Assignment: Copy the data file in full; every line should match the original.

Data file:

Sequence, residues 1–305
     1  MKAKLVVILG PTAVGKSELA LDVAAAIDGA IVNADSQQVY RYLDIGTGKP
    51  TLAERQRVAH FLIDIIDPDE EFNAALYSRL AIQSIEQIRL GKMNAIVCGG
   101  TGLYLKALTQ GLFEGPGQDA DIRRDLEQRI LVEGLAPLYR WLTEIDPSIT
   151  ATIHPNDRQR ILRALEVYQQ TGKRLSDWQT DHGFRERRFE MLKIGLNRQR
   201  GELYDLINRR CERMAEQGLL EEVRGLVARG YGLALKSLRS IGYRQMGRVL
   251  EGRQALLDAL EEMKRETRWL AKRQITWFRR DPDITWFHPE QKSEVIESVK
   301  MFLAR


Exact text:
Sequence, residues 1–305
     1  MKAKLVVILG PTAVGKSELA LDVAAAIDGA IVNADSQQVY RYLDIGTGKP
    51  TLAERQRVAH FLIDIIDPDE EFNAALYSRL AIQSIEQIRL GKMNAIVCGG
   101  TGLYLKALTQ GLFEGPGQDA DIRRDLEQRI LVEGLAPLYR WLTEIDPSIT
   151  ATIHPNDRQR ILRALEVYQQ TGKRLSDWQT DHGFRERRFE MLKIGLNRQR
   201  GELYDLINRR CERMAEQGLL EEVRGLVARG YGLALKSLRS IGYRQMGRVL
   251  EGRQALLDAL EEMKRETRWL AKRQITWFRR DPDITWFHPE QKSEVIESVK
   301  MFLAR